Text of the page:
Driven by fossil fuels, energy-related greenhouse gas emissions have skyrocketed over the last half century and now make up more than two-thirds of all emissions. But as a new IAEA data animation underscores, the increasing role of electricity offers an opportunity for its clean sources such as nuclear power to ensure the “deep decarbonization” needed to meet global climate goals.
Using data from the forthcoming IAEA report Climate Change and Nuclear Power 2020, the animation shows emissions from a variety of economic sectors have seen explosive growth, more than doubling since 1970. It also shows the increasing importance of the power sector as economies electrify. Emissions from electricity production have tripled and now account for almost a quarter of all emissions. Annual electricity emissions would have been around 2 gigatonnes (Gt) of CO2 higher over the past decade if electricity from lower carbon nuclear power plants had instead been supplied using the average global fossil fuel generation mix.
Energy-related emissions from sectors including electricity, industry, transport and buildings need to be almost fully eliminated by 2050 to meet climate goals under the Paris Agreement. But they have nearly doubled in the last 50 years.
Decarbonizing electricity production through greater use of nuclear power, hydro, wind and solar is only the first step. Clean electricity needs to be extended for use by these other sectors, which currently mostly rely on fossil fuels. Combined with emissions cuts in other sectors, this is what is referred to as deep decarbonization.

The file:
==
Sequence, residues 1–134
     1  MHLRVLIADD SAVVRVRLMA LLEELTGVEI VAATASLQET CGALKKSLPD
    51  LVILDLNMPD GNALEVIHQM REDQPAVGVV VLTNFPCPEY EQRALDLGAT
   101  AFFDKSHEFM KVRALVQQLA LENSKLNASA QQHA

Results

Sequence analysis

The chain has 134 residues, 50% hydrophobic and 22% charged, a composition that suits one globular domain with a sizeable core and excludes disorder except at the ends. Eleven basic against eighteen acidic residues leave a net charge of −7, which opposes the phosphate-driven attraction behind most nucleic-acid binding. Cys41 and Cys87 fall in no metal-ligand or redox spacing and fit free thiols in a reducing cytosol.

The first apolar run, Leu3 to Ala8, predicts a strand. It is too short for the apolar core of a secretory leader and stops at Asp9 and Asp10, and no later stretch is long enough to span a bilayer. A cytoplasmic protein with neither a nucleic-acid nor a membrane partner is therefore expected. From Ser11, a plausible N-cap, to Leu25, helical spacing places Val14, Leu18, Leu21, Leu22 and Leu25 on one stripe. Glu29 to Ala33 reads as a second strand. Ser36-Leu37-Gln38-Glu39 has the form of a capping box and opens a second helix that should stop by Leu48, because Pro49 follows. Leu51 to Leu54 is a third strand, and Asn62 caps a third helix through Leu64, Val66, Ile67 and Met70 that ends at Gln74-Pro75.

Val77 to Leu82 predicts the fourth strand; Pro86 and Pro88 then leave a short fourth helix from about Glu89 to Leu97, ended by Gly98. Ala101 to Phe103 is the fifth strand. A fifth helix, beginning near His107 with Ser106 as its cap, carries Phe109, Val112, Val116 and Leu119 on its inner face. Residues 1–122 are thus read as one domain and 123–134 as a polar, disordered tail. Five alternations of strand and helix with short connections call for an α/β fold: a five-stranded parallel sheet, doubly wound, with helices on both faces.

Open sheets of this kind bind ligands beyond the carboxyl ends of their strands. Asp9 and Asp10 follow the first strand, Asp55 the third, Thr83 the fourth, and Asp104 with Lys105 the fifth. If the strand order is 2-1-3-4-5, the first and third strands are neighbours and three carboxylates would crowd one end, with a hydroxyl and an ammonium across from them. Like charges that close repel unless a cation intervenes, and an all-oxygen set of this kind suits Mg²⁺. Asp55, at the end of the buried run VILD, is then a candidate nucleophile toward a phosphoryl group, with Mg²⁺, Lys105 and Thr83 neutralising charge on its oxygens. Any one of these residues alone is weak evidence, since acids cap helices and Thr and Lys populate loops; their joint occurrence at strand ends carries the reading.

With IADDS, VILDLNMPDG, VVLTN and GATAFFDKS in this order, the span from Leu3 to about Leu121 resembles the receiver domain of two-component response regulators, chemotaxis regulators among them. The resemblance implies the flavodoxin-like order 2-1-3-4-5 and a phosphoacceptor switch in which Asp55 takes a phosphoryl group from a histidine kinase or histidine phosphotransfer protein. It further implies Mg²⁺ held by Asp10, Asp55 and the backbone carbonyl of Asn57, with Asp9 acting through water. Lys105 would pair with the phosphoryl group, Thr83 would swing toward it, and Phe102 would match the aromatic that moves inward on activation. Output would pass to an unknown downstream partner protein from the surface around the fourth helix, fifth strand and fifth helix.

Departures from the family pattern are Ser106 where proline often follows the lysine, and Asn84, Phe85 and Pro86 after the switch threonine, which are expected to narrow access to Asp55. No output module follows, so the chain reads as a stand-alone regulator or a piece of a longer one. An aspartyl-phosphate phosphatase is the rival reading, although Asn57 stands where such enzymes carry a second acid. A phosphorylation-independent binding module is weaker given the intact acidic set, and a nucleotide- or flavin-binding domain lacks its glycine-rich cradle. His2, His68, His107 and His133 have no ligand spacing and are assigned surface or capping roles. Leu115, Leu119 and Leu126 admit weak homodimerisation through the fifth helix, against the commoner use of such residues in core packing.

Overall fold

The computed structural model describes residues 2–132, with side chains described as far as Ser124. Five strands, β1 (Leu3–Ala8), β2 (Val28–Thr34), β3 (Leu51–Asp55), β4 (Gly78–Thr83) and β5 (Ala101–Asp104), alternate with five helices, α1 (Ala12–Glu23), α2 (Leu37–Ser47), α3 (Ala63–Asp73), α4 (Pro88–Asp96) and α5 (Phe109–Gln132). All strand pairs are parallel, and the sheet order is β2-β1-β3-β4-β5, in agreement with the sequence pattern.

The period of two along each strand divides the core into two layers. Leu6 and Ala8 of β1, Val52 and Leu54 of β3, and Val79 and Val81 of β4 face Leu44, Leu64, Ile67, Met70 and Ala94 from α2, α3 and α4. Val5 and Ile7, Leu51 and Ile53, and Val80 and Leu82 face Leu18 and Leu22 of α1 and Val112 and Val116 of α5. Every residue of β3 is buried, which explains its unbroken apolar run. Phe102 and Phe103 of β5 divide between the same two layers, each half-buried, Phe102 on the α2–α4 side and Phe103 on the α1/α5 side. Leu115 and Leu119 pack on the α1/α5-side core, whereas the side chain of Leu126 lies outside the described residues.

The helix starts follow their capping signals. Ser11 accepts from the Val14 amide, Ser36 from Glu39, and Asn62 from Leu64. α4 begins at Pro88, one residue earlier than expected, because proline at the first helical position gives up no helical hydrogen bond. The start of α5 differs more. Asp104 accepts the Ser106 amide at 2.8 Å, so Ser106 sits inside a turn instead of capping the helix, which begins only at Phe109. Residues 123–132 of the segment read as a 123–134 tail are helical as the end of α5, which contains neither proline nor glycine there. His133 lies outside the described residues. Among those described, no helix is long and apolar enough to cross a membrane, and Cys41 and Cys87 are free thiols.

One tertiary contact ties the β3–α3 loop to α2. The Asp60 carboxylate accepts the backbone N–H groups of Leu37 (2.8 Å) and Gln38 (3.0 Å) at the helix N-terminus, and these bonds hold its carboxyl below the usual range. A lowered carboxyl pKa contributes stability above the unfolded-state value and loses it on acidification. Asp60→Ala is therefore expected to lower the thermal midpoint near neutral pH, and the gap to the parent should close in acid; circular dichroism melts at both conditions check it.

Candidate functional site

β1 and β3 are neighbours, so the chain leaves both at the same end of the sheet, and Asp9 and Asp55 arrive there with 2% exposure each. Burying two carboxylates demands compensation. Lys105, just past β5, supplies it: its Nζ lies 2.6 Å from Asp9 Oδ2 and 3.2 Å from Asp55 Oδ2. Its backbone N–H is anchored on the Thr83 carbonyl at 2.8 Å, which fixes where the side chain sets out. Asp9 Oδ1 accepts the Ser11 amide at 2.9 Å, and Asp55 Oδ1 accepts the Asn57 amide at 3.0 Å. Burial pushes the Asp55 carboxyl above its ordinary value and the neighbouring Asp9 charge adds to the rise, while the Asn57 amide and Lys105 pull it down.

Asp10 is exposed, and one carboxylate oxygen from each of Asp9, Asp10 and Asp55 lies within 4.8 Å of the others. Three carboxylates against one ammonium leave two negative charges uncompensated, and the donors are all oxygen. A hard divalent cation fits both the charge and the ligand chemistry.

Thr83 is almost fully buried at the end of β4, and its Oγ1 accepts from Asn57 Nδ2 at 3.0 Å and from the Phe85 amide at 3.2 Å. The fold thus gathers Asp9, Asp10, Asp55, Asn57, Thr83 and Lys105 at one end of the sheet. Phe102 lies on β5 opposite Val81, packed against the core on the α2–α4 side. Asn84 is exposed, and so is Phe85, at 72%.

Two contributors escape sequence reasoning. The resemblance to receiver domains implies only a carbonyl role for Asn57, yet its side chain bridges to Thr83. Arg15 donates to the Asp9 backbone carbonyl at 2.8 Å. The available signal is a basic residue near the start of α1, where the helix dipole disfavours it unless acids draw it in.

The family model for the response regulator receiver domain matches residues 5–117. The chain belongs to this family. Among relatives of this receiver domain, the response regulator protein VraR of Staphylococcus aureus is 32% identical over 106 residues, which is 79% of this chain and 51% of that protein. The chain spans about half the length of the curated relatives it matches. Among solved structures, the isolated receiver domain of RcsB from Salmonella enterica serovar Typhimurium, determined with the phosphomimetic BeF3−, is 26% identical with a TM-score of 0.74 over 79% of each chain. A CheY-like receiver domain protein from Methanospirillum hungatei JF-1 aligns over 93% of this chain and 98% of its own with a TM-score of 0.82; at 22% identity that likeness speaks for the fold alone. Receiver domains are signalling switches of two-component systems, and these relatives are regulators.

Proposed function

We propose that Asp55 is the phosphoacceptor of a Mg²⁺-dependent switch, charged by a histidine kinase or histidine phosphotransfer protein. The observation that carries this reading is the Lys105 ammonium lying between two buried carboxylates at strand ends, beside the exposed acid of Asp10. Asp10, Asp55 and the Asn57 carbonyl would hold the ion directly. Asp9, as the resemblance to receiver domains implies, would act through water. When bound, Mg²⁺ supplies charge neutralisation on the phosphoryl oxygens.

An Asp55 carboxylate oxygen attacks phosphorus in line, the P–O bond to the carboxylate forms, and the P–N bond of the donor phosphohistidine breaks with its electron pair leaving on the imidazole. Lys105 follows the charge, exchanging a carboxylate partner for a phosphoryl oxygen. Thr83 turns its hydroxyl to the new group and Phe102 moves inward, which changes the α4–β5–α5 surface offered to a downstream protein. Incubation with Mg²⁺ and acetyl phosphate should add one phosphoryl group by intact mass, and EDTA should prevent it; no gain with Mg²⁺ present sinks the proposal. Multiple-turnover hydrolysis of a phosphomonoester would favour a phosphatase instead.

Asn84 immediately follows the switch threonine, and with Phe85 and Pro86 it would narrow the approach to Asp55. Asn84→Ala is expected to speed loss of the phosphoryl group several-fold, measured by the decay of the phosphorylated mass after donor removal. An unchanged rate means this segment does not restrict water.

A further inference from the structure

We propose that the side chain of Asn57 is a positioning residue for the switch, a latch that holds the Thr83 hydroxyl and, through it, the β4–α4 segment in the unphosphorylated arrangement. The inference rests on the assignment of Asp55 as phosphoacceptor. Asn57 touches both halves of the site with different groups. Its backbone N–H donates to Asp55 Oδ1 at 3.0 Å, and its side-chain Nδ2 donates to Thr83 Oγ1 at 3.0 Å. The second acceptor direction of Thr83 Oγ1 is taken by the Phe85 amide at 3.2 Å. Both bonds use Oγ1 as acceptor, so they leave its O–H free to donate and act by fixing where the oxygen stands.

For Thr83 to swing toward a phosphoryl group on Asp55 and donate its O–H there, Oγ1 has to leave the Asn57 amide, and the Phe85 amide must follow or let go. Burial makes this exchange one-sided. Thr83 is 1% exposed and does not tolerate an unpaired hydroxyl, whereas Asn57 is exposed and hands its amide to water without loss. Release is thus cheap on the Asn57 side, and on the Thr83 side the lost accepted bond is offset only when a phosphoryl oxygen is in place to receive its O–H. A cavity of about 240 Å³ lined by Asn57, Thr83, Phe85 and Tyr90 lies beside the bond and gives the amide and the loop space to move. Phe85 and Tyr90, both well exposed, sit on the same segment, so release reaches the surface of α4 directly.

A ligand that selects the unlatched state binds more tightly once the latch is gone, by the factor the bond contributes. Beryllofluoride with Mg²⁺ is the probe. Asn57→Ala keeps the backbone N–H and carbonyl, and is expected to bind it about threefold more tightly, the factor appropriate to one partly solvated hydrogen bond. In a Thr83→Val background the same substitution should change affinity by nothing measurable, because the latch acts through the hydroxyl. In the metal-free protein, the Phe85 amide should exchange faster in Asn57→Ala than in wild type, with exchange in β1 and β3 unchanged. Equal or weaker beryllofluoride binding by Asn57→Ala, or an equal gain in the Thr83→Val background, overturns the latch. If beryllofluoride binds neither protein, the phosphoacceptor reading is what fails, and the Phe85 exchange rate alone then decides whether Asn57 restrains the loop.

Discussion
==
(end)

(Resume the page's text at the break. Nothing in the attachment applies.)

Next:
“Decarbonizing electricity production is the first and most essential step in the massive transition to clean energy systems needed by 2050 to meet climate goals,” said Henri Paillere, Head of the IAEA’s Planning and Economic Studies Section, which produced the 11th edition of the report that will be released on 16 September, one week before the 64th IAEA General Conference and the annual IAEA Scientific Forum, which this year will discuss Nuclear Power and the Clean Energy Transition.
Some 440 nuclear power reactors operating in 30 countries account for about 10% of global electricity production, or almost 30% of all low carbon electricity. But according to the Intergovernmental Panel on Climate Change (IPCC), nuclear electricity generation has an increasing role to play in shifting away from greenhouse gas-emitting sources and limiting global warming to 1.5°C above pre-industrial levels, consistent with the Paris Agreement. The forthcoming IAEA report explores the IPCC’s four illustrative model pathways that are compatible with the 1.5°C ambition, each of which sees an increase in nuclear power generation by 2050. Taken together, the average of the four envisaged increases is roughly triple the current level of nuclear power.
Nuclear power can also play a role beyond electricity generation. It can also be used to produce hydrogen, which is increasingly seen as a key future fuel option for the transport sector, where emissions have tripled since 1970. Furthermore, hydrogen from nuclear can be used for energy storage and to support industrial processes such as steel and ammonia production.
Fifty-four nuclear power reactors are currently under construction worldwide, for a total net installed capacity of more than 57 000 MW(e). Nine of those reactors are in countries that are adding nuclear power to their energy mix, demonstrating how these nuclear newcomers will play an important role in the clean energy transition.